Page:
- Mexican Peso (MXN) extends gains against the US Dollar (USD), buoyed by a risk-on market mood.
- Mexico’s calendar will feature mid-November inflation data, expected to show a slight increase in headline CPI and a minor decrease in core CPI.
- The Bank of Mexico (Banxico) is set to release the minutes of its latest meeting, where it decided to maintain interest rates unchanged, altering its language from previous statements.
Mexican Peso (MXN) extends its gains despite being on holiday in observance of the Mexican Revolution, climbing more than 0.30% against the US Dollar (USD) amid a risk-on impulse. Broad US Dollar weakness persists, even though US Treasury bond yields advance slightly. The USD/MXN pair is trading at 17.13 after reaching a daily high of 17.25.
Mexico’s current week’s economic docket will feature the release of mid-November inflation, which is expected to show a slight jump in the headline Consumer Price Index (CPI) and a minuscule reduction in core CPI. Besides that, the Bank of Mexico (Banxico) will release its latest meeting minutes after deciding to hold rates “for some time” at current levels, changing the language of the prior five meetings from “for an extended period.” Regarding rate cuts, the swap market prices in 50 bps of cuts for the first half of 2024.
In the meantime, the World Bank revealed that Mexico lacks federal and local strategies to take advantage of the nearshoring, which could weigh on the Mexican peso’s demand. The World Bank Chief Economist for Mexico, Colombia, and Venezuela, Rafael Munoz, stated, “The country’s geographical proximity to the United States is not enough to assume that we will be winners of nearshoring.”
Daily digest movers: Mexican Peso rally extends to seven straight days, USD/MXN hits two-month low at 17.11
- The USD/MXN is trading well below the 20, 50, 100, and 200-day Simple Moving Averages (SMAs), portraying a bearish bias.
- The US Dollar Index (DXY), which measures the Greenback’s value against a basket of peers, posts losses of more than 0.20%, trading at 103.57, even though US Treasury bond yields climb.
- The US 10-year Treasury bond yield is up two basis points (bps) to 4.46%.
- Mexico’s Gross Domestic Product (GDP) figures will be revealed on Friday, alongside the third quarter current account.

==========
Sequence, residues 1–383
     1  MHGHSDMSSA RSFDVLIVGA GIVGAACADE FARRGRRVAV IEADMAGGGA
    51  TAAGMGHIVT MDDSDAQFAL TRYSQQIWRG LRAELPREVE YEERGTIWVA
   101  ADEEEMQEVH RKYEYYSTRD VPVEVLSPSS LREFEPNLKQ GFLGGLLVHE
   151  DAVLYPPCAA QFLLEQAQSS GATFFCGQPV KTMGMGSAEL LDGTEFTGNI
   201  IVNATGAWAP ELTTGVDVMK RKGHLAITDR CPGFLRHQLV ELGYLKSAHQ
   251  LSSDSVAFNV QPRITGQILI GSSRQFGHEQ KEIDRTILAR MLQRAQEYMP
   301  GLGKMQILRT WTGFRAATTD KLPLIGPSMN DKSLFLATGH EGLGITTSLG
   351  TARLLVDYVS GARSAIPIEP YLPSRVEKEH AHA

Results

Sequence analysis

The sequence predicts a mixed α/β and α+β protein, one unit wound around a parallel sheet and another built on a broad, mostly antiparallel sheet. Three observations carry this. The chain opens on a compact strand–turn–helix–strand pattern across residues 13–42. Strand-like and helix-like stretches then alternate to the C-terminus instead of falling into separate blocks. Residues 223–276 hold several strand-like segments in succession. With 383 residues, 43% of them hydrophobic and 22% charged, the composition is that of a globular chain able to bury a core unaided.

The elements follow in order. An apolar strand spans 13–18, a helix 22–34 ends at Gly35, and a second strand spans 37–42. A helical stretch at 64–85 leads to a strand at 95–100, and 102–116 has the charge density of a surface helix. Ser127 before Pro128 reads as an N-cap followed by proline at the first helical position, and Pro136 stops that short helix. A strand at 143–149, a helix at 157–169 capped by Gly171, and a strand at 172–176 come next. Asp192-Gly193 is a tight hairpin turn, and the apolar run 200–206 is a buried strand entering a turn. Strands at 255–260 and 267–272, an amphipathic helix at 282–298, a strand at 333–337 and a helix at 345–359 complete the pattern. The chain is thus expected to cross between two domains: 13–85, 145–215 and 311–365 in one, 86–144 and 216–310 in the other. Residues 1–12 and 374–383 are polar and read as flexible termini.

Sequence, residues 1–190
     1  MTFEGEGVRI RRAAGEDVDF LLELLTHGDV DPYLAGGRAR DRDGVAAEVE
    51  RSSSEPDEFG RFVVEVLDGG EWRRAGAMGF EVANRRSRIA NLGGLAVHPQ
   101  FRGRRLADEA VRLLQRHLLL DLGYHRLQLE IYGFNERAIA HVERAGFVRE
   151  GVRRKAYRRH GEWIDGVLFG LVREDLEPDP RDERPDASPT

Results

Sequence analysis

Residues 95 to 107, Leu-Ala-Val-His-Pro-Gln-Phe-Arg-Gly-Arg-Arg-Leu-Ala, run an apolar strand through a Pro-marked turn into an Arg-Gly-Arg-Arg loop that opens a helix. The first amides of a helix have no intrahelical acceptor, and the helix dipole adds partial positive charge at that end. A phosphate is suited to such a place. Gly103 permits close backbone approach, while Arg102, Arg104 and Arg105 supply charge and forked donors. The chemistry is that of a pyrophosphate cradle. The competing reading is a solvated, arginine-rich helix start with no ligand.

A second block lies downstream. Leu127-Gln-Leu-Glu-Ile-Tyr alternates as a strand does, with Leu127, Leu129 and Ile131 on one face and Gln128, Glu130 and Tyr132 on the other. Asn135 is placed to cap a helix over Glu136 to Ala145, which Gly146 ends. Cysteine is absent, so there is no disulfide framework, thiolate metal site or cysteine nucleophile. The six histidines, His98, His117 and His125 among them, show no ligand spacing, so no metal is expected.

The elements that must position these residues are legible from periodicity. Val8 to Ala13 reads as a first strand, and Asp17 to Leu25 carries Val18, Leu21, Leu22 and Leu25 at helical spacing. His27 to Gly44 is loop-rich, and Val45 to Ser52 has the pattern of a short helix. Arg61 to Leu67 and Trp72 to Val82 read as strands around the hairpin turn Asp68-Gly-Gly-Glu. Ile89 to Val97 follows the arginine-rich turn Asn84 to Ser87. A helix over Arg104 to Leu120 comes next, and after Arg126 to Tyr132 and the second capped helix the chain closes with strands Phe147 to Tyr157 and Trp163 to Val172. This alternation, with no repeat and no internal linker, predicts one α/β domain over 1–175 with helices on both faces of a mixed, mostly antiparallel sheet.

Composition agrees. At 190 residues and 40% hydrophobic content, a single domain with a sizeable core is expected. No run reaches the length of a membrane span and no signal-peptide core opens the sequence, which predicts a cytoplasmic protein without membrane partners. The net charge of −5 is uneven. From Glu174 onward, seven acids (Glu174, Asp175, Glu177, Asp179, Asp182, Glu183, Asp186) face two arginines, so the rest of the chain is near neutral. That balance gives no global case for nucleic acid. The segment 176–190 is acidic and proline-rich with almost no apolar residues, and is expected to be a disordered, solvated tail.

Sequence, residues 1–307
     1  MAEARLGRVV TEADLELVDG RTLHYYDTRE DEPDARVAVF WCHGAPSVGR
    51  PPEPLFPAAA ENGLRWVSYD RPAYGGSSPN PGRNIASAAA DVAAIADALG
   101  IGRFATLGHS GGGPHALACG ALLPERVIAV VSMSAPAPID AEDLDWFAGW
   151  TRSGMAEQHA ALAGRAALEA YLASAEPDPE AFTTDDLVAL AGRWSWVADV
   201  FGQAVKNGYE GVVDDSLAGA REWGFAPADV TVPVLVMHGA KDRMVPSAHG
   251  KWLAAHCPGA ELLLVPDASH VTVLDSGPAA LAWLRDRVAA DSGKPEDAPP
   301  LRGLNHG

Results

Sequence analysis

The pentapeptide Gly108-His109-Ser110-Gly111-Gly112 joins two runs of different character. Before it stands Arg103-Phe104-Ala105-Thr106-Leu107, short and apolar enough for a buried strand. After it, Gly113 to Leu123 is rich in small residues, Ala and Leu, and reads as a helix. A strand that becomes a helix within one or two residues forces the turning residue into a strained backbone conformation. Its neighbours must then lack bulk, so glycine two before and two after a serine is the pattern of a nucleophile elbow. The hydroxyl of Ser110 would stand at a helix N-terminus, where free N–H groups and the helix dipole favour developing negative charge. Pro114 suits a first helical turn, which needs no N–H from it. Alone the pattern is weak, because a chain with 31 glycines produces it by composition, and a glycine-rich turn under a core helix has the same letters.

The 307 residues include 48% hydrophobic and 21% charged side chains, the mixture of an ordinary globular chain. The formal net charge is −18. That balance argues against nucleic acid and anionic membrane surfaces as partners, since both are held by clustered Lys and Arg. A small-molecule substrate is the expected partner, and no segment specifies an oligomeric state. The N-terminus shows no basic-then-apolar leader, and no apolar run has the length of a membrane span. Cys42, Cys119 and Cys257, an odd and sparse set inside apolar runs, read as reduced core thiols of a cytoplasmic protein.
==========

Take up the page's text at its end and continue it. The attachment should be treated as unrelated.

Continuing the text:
- Thursday’s economic data in the US suggests the economy is decelerating as expected by the Federal Reserve, after Industrial Production plunged in October and unemployment claims have risen the most since August.
- Data published last week showed prices paid by consumers and producers in the US dipped, increasing investors’ speculations that the Fed’s tightening cycle has ended.
- The swap market suggests traders expect 100 basis points of rate cuts by the Fed in 2024.
- The latest inflation report in Mexico, published on November 9, showed prices grew by 4.26% YoY in October, below forecasts of 4.28% and prior rate of 4.45%. On a monthly basis, inflation came at 0.39%, slightly above the 0.38% consensus and September’s 0.44%.
- Banxico revised its inflation projections from 3.50% to 3.87% for 2024, which remains above the central bank’s 3.00% target (plus or minus 1%).
Technical Analysis: Mexican Peso maintains the upper hand, with USD/MXN eyeing 17.00
The USD/MXN bearish bias remains intact, with sellers eyeing a test of the 17.00 figure, which would open the door for further losses below the figure. The next stop will be the August 28 low of 16.69 before the year-to-date (YTD) low of 16.62.
On the other hand, if the USD/MXN breaks above the 100-day Simple Moving Average (SMA) at 17.34, it could pave the way to 17.50. However, the loss of 17.28, the November 3 low, has exposed the following demand area at the 17.00 figure.
The Bank of Mexico, also known as Banxico, is the country’s central bank. Its mission is to preserve the value of Mexico’s currency, the Mexican Peso (MXN), and to set the monetary policy. To this end, its main objective is to maintain low and stable inflation within target levels – at or close to its target of 3%, the midpoint in a tolerance band of between 2% and 4%.
The main tool of the Banxico to guide monetary policy is by setting interest rates. When inflation is above target, the bank will attempt to tame it by raising rates, making it more expensive for households and businesses to borrow money and thus cooling the economy. Higher interest rates are generally positive for the Mexican Peso (MXN) as they lead to higher yields, making the country a more attractive place for investors. On the contrary, lower interest rates tend to weaken MXN. The rate differential with the USD, or how the Banxico is expected to set interest rates compared with the US Federal Reserve (Fed), is a key factor.
Banxico meets eight times a year, and its monetary policy is greatly influenced by decisions of the US Federal Reserve (Fed). Therefore, the central bank’s decision-making committee usually gathers a week after the Fed. In doing so, Banxico reacts and sometimes anticipates monetary policy measures set by the Federal Reserve. For example, after the Covid-19 pandemic, before the Fed raised rates, Banxico did it first in an attempt to diminish the chances of a substantial depreciation of the Mexican Peso (MXN) and to prevent capital outflows that could destabilize the country.
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